There are many ways that governments attempt to fix their trade issues via tariffs, such as the Smoot Hawley tariff during the Great Depression, though other countries will likely reciprocate. Besides protective tariffs, governments can devalue their currency to promote trade. With the Nordic countries, this was certainly the case, and exports were propped up with a devalued currency after removing itself from the Exchange Rate Mechanism (ERM).
Public Identification of a Crisis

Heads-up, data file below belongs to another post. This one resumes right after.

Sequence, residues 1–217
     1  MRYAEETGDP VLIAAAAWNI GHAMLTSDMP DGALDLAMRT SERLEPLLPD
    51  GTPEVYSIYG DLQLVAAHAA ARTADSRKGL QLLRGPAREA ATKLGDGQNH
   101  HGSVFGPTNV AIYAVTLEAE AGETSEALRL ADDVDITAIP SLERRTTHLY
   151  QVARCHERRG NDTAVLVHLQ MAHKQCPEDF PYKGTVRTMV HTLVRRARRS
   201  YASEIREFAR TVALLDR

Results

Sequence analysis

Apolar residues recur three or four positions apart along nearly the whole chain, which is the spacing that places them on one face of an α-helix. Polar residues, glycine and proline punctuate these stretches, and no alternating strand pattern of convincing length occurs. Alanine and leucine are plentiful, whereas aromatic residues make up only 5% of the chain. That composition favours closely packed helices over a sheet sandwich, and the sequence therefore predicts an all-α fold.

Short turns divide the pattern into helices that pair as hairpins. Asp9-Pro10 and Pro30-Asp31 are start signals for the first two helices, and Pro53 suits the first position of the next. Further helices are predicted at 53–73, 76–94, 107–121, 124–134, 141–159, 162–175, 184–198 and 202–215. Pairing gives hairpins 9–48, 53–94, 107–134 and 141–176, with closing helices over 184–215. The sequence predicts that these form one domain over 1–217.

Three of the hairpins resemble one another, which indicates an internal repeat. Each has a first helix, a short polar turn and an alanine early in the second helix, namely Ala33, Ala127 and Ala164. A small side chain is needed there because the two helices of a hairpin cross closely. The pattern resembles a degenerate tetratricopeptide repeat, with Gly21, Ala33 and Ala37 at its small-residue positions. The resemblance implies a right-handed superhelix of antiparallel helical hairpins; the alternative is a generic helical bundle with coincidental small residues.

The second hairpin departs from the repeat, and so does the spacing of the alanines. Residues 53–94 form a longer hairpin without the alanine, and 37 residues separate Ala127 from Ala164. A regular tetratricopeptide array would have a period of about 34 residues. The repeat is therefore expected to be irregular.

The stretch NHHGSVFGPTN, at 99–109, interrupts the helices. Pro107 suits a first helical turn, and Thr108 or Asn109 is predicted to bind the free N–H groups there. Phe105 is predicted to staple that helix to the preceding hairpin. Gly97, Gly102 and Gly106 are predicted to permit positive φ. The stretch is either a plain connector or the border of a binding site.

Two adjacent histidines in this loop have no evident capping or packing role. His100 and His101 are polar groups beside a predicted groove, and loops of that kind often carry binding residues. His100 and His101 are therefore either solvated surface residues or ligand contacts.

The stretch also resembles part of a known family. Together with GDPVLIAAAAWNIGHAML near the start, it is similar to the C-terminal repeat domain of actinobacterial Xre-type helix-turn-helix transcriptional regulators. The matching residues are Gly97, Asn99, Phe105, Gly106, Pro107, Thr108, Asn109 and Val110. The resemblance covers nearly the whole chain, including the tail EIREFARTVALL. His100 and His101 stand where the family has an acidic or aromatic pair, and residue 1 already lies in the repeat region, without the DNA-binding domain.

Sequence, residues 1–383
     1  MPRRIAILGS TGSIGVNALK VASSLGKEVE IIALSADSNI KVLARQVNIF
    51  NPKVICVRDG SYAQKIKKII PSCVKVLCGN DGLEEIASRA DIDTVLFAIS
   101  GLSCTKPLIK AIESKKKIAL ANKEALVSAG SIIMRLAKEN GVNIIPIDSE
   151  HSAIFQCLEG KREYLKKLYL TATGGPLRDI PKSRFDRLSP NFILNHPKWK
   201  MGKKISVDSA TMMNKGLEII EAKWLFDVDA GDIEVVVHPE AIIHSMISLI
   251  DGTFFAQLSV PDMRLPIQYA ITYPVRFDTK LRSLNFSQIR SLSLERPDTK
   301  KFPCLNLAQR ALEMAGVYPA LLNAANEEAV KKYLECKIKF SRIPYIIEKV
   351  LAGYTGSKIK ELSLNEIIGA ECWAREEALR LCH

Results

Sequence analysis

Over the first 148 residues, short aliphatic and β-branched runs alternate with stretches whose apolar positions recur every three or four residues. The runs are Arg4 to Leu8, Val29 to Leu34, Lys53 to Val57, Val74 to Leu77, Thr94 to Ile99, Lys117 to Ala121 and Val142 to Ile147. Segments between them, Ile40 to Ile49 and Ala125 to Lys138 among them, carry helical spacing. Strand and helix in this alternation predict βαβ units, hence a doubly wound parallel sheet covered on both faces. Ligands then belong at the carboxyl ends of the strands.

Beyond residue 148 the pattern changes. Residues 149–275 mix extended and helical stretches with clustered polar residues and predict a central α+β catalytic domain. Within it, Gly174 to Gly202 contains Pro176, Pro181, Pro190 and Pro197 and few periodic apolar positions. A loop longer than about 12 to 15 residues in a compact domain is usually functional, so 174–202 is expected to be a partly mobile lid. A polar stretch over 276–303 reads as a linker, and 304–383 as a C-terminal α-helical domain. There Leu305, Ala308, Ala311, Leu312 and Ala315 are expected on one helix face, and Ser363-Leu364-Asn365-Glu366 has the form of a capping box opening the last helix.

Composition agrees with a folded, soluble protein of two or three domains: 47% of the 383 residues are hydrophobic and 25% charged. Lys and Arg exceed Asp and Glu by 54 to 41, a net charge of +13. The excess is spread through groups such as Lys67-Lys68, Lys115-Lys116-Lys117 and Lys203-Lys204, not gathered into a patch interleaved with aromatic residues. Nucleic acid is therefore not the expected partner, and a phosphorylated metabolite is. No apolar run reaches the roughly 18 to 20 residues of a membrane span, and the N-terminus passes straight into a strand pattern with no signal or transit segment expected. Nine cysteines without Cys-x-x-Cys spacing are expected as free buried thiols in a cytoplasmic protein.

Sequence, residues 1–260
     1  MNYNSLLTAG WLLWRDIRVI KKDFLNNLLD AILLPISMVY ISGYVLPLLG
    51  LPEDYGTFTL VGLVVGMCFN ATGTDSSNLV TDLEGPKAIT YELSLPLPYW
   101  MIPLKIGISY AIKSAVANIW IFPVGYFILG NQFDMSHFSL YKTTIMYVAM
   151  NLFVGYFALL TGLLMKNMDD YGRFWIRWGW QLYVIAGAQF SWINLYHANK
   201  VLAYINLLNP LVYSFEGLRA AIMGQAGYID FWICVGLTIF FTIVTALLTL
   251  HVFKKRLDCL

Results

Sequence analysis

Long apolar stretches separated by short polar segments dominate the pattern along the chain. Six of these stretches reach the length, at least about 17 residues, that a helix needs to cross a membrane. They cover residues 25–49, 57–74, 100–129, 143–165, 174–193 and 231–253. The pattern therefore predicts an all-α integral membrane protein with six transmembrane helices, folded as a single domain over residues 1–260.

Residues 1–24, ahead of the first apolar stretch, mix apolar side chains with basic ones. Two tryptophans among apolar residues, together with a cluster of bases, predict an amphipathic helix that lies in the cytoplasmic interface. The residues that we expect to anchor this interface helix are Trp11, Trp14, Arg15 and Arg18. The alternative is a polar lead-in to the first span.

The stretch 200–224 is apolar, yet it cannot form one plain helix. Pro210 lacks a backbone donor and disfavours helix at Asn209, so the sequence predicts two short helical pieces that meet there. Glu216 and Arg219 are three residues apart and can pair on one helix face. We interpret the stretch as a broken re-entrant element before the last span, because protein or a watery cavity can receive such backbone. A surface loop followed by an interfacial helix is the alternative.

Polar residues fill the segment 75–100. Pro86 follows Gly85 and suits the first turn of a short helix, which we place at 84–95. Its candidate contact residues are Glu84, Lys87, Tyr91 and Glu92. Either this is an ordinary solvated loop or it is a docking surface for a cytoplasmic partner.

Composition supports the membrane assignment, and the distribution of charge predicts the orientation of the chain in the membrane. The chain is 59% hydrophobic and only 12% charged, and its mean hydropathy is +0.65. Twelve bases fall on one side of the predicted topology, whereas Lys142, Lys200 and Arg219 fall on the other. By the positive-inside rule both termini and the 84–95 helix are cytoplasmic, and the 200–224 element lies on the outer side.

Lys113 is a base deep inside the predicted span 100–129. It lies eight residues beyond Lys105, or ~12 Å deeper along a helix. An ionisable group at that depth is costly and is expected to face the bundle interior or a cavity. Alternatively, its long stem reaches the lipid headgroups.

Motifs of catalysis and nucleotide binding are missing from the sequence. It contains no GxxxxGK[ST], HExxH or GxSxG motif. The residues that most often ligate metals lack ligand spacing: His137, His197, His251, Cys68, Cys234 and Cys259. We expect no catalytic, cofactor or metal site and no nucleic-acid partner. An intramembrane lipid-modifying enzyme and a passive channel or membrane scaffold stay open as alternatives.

Many members in the financial sector will know a financial crisis is brewing well before the government, since they have the research, education and experience, or it may be that they are involved in the particularly questionable behavior that could lead to a financial crisis. Nakaso (2001) describes the behavior leading up to Japan’s crisis, where banks engaged in increasingly risky operations primarily for competition and market share. Profitability and riskiness of loans were neglected; some were extended at negative lending spreads. Not only banks, but even the general population can sense a crisis before the Federal Reserve or other governmental agencies. Nakaso (2001) further describes the situation leading up to several runs on the banks on 26 Nov ’97, where rumors were rampant surrounding several banks on the verge of collapse. This occurred prior to the Bank of Japan issuing a statement of their commitment to stability. Following several collapses in the fall of 1997, this time was considered by many to be the day that Japan’s financial system was closest to a systemic collapse.